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Student hopes new playground will have fewer splinters

Rick Wagner • Mar 23, 2019 at 8:00 AM

KINGSPORT — Kingsport school and city officials formally opened The Castle Playground at Johnson Elementary School in a ribbon cutting Friday morning, pronouncing it an embodiment of the Kingsport Spirit with volunteers coming together to build a community playground in six days.

Grant Ausband, a fifth grade member of the Johnson Elementary Lighthouse team, said it was a place where future memories will be made, but he also had a more practical thought: “hopefully a lot less splinters.”

Nic and Jenny Clemmer, Kingsport residents and natives who donated a little more than half of the money to build the playground, said it was not a gift, but an investment in the community’s future.

The new “one-of-a-kind” playground, as described by Principal Stacy Edwards, was designed by New York-based Play by Design with input from students. It has a cost of about $200,000, all covered by fundraising by the Johnson Parent Teacher Organization. It replaces the nearly 30-year-old original castle playground, which was demolished in December. Plans are for additional fundraising to expand the playground, possibly including a toddler area, musical accessories and additional play equipment.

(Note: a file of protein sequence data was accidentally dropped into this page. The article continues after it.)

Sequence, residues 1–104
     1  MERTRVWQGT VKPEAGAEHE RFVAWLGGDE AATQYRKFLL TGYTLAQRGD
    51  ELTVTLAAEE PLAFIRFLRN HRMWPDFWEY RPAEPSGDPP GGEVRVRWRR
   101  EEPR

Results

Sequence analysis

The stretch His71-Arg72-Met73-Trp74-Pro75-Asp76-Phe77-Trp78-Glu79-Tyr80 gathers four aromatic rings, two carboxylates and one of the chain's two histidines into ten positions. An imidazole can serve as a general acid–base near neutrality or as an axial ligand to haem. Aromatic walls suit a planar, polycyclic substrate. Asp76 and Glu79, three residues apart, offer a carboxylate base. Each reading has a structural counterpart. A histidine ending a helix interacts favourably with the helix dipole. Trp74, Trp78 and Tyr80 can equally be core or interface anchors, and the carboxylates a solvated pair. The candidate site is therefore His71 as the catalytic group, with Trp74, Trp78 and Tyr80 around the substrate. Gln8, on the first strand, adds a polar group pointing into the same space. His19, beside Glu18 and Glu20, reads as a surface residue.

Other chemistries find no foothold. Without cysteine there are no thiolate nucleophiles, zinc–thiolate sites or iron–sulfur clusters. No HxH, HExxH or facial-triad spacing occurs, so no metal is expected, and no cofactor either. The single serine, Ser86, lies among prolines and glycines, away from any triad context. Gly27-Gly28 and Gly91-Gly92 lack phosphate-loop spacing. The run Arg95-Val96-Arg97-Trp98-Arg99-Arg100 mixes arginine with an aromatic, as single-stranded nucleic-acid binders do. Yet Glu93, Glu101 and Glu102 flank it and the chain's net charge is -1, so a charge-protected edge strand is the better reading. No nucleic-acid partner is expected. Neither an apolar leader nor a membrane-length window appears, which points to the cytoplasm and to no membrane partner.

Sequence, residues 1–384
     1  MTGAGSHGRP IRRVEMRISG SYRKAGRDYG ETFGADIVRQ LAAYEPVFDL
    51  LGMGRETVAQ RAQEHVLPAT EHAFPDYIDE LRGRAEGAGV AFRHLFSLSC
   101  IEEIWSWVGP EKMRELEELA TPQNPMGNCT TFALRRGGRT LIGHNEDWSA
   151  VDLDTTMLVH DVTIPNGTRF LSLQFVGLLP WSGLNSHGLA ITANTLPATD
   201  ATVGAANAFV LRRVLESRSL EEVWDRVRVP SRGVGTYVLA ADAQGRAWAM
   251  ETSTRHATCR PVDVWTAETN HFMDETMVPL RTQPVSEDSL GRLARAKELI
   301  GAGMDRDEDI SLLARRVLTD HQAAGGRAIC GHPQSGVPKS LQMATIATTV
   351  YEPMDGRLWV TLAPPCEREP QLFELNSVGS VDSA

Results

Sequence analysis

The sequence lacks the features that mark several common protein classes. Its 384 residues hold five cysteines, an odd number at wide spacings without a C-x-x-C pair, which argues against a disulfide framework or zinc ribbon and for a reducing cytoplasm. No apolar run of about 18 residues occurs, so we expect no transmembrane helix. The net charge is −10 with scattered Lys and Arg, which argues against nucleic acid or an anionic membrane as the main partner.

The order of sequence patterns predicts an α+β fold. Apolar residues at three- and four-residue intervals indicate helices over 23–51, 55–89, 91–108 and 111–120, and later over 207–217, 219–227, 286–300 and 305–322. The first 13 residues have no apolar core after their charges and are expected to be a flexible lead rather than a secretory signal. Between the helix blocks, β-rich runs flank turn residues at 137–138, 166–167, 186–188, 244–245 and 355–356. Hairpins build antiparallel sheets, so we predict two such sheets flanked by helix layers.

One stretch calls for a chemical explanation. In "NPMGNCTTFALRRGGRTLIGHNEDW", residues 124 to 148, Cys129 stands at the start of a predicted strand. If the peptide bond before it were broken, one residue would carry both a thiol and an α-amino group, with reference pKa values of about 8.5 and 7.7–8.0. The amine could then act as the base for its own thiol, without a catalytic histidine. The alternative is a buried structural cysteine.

“At a time in a society where we have so many things that divide, it’s nice to have one thing that brings us together,” Superintendent Jeff Moorhouse said. “Our community comes together for the greater good of everyone involved.”

The community playground at the 550-student school is handicapped accessible and includes a climbing wall, racing slide and pirate ship, as well as the iconic castle steeples in keeping with the tradition of the original playground built in 1990.

“This is Kingsport. This is what Kingsport is all about,” Mayor John Clark said. “The best job ever is to be mayor of a city that wants to make progress.”

Edwards said construction manager Jim Taylor and all the volunteers were essential to the project, as was PTO President Ashley Hill. He also called out the “Awesome Boys,” a group of crew leaders who did preliminary work and preparation of the site. The name came from students who saw the crew leaders working.

“That taught our students what leadership looked like,” Edwards said. “Nothing is more important than a living, breathing example.”

Hill said at one point PTO members feared the group wouldn’t have enough funds until 2030 at the rate the cookie dough, pizza kits and walking events were generating money before the Clemmer family donated more than $100,000.

The main March 5-10 build included rain and wind chills as low as 5 degrees one morning. All told, about 1,000 people volunteered for the build. Those who helped ranged from 5-year-old kindergarten students who soaped screws to make them easier to install in boards to an 84-year-old volunteer.

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